Differences in vaccine access and the ability to deploy policy support are creating a growing divergence between advanced economies from many emerging market and developing economies, the International Monetary Fund (IMF) has said.
Faced with high deficits and historic levels of debt, countries with limited access to financing are walking a fiscal tightrope between providing adequate support and preserving financial stability, a paper prepared by IM’s Vitor Gaspar and Gita Gopinath, said.
Without resolute measures to address this growing divide, COVID‑19 will continue to claim lives and destroy jobs, inflicting lasting damage to investment, productivity, and growth in the most vulnerable countries. The pandemic will further disrupt the lives of the most vulnerable, and countries will see a rise in extreme poverty and malnutrition, shattering all hope of attaining the Sustainable Development Goals.
Narrowing the pandemic divide thus requires collective action to boost access to vaccines, secure critical financing, and accelerate the transition to a greener, digital, and more inclusive world.
As a result of the pandemic, debt and deficits have dramatically increased from already historically high levels. Average overall fiscal deficits as a share of GDP in 2021 have reached 9.9 percent for advanced economies, 7.1 percent for emerging market economies, and 5.2 percent for low-income developing countries. Global government debt is projected to approach 99 percent of GDP by the end of 2021.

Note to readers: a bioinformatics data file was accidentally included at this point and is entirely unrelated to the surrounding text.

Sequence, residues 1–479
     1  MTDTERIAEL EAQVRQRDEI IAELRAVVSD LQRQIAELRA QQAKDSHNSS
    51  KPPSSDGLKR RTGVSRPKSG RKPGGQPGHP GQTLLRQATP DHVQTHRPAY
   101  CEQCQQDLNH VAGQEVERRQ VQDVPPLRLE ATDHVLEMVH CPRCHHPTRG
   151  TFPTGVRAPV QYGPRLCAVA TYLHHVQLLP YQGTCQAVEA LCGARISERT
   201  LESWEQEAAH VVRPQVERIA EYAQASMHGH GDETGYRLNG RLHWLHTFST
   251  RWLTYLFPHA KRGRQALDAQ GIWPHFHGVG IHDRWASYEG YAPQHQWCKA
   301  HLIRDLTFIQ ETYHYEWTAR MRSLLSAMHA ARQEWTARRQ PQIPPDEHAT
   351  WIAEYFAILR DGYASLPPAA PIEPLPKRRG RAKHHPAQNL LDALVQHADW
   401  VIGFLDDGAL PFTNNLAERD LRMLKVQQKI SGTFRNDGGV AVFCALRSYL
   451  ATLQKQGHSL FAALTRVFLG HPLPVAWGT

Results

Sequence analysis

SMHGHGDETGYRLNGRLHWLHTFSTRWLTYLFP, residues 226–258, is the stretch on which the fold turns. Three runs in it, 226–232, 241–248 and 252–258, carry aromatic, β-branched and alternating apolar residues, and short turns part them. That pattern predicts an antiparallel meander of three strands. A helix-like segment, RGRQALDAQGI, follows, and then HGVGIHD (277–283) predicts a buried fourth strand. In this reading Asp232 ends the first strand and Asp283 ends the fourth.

In this context, IMF lifelines have made a critical difference in saving lives and livelihoods. To respond to the crisis, the IMF has extended $117 billion in new financing and debt service relief to 85 countries. This includes financial assistance to 53 low-income countries and grant-based debt service relief to 29 of its poorest and most vulnerable members. We estimate that in 2020, IMF support allowed for additional spending of about 0.5 percent of GDP in emerging market economies and nearly 1.0 percent of GDP in developing countries. IMF support focused most where it mattered the most.
The favorable global financial conditions have allowed countries with low credit risk to deploy a sizable and durable expansion in government spending to respond to the pandemic. In those countries with more limited access to external financing, however, primary spending is now projected to be even lower than forecast before the pandemic.
A decisive moment
Multilateral action is urgently needed to close gaps in access to vaccines and bring about an end to the pandemic. IMF staff’s recent $50 billion proposal in this regard, endorsed by the World Health Organization, World Bank, and World Trade Organization, sets a goal of vaccinating at least 40 percent of the population in every country by the end of 2021 and at least 60 percent by mid-2022, alongside ensuring adequate diagnostics and therapeutics. Progress has been made across several fronts, but a stronger push is needed. The Taskforce on COVID-19 Vaccines has also launched a dashboard to clearly identify and urgently address gaps in access to COVID-19 tools.
Source: 3news.com| with additional files from the IMF